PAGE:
Stocks eke out new highs
The Dow just manages to stretch its win streak to 7 sessions in a choppy day. New home sales rise more than expected.
NEW YORK (CNNMoney.com) -- Stocks struggled Wednesday, as investors welcomed positive reports on housing and durables goods, but remained on the sidelines after pushing the market to 2009 highs in the previous session.
The Dow Jones industrial average (INDU) added 4 points or less than 0.1%, still managing to close at its highest point since Nov. 4.
The S&P 500 (SPX) index ended just above unchanged, squeaking out its highest close since Oct. 6. The Nasdaq composite (COMP) also ended just above unchanged, ending at its highest point since Oct. 1.
The Dow has now gained for seven consecutive sessions, topping off a strong summer rally.
After such a run, stocks were vulnerable to some choppiness Wednesday, despite the encouraging reading on new home sales.
"This was a very positive report for the housing market," said Jane Caron, chief economic strategist at Dwight Asset Management. "It confirms that housing has turned the corner."
She said that a bottoming in housing is one of the reasons she is expecting solid third-quarter GDP growth. Growth will also be driven by inventory rebuilding across many sectors, she said, and a rebound in auto production in the aftermath of the government's Cash for Clunkers stimulus program.
Stocks have been more or less on the rise since bottoming in March. After hitting a more than 12-year low on March 9, the S&P 500 has risen 52%. The only notable pullback was a 7% slide in the run up to the start of the second-quarter earnings period.
Thursday preview: A revised reading on GDP in the last quarter is due before the start of trading. The weekly jobless claims report is also on tap.
Second-quarter gross domestic product growth (GDP) is expected to have contracted at a 1.5% annualized rate, according to a consensus of economists surveyed by Briefing.com. That would be steeper than the initially reported 1% rate, but not as sharp as the 6.4% decline reported in the first quarter. The Commerce Department released the GDP report.
The number of Americans filing new claims for unemployment is expected to have risen to 580,000 from 576,000 in the previous week. The Labor Department releases the jobs report.
Toll Brothers (TOL) reports quarterly results in the morning. The luxury homebuilder is expected to have lost $1.79 per share after losing 18 cents one year earlier.
Housing: July new home sales rose to a 433,000 unit annualized rate from a revised 395,000 unit rate in June. Economists surveyed by Briefing.com forecast sales at a 390,000 unit annual rate.
On Tuesday, an S&P/CaseShiller report showed that home prices rose 2.9% in the second quarter versus the first, the first quarterly rise in three years.
Also on Tuesday, reports showed consumer confidence and housing are starting to recover -- and President Obama nominated Ben Bernanke for a second term as chairman of the Federal Reserve.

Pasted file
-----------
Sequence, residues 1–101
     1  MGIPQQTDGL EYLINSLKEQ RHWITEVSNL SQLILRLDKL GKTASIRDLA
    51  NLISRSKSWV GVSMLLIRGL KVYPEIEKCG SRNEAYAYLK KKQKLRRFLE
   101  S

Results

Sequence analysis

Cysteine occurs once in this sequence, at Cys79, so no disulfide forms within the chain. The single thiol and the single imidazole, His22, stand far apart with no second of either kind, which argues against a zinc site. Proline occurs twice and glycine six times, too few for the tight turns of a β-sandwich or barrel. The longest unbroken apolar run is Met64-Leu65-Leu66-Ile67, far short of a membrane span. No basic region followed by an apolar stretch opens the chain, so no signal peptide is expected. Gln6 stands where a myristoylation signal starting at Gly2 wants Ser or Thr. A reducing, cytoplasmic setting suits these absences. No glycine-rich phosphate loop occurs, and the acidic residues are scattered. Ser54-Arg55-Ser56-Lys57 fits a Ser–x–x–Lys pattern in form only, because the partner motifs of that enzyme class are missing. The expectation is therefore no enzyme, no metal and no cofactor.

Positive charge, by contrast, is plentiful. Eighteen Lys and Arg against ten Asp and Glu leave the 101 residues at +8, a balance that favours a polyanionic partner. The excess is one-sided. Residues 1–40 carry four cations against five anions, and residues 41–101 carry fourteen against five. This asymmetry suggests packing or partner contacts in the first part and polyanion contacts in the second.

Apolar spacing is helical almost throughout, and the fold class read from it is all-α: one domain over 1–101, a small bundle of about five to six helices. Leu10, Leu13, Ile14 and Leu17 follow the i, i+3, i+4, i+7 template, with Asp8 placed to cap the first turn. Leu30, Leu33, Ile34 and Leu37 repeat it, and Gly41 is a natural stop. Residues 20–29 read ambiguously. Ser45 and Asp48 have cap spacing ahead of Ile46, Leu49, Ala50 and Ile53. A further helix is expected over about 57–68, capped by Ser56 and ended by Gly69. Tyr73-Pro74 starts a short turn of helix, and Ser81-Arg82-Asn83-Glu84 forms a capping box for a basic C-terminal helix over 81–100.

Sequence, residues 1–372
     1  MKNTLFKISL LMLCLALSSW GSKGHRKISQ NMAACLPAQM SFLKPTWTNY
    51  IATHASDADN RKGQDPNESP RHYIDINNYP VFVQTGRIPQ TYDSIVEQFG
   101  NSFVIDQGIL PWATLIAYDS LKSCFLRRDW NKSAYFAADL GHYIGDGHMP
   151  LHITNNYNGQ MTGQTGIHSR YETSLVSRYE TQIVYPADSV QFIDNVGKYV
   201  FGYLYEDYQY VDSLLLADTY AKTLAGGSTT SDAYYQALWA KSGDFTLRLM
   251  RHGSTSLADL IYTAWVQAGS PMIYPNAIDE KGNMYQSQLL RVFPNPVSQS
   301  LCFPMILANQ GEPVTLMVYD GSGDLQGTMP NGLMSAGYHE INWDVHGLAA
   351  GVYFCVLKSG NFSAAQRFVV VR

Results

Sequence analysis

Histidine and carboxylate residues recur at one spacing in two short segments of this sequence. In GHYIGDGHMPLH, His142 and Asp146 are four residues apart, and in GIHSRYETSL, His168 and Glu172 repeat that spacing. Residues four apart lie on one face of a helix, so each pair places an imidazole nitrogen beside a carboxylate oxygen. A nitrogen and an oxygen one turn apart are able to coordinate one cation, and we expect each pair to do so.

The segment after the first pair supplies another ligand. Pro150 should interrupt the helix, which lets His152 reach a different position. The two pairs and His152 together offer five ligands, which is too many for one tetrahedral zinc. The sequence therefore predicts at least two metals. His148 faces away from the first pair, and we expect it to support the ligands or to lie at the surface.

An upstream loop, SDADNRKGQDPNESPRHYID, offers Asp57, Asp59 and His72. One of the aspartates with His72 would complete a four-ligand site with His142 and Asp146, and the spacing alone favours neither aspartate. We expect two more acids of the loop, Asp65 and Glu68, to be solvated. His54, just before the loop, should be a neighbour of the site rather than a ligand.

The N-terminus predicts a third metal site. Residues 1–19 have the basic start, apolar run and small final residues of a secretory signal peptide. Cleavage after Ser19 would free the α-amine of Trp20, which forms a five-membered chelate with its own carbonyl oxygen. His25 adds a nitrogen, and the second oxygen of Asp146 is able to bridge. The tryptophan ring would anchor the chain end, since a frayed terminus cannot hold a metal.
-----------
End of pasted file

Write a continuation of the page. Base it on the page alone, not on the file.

Durable goods orders: Orders for goods meant to last three years or longer rose more than expected in July. According to a Commerce Department report released Wednesday morning, durables rose 4.9% after falling a revised 1.3% in June. Economists thought orders would rise 3.2%.
Oil prices: Light crude oil prices for October delivery fell 62 cents to settle at $71.43 a barrel on the New York Mercantile Exchange. Prices fell after a government report showed crude supplies rose less than expected last week, while gas and distillates - used in heating oil - rose more than expected.
On the move: Vonage Holdings (VG) jumped 36% in unusually active New York Stock Exchange trade, building on its recent gain. The provider of VoIP - Internet based calling - has seen its stock bounce over 300% in the last week on speculation that the company can stay afloat, despite weaker revenue and subscriber growth.
Human Genome (HGSI) also moved on unusually high volume on speculation that the company could be bought out by GlaxoSmithKline, its partner on several drugs, according to published reports.
Market breadth was mixed. On the New York Stock Exchange, losers topped winners by a narrow margin on volume of 1.05 billion shares. On the Nasdaq, advancers beat decliners seven to six on volume of 2.08 billion shares.
World markets: European markets tumbled in afternoon trading, while Asian markets mostly ended higher, with the Japanese Nikkei rising 1.4%.
Bonds: Treasury prices were little changed, with the yield on the benchmark 10-year note ending at 3.43%. Treasury prices and yields move in opposite directions.
Treasury sold $42 billion of 2-year notes Tuesday and is planning to sell $39 billion of five-year notes Wednesday and $28 billion of 7-year notes Thursday.
Other markets: COMEX gold for December delivery fell 20 cents to settle at $945.80 an ounce.
In currency trading, the dollar rose versus the euro and fell versus the Japanese yen.
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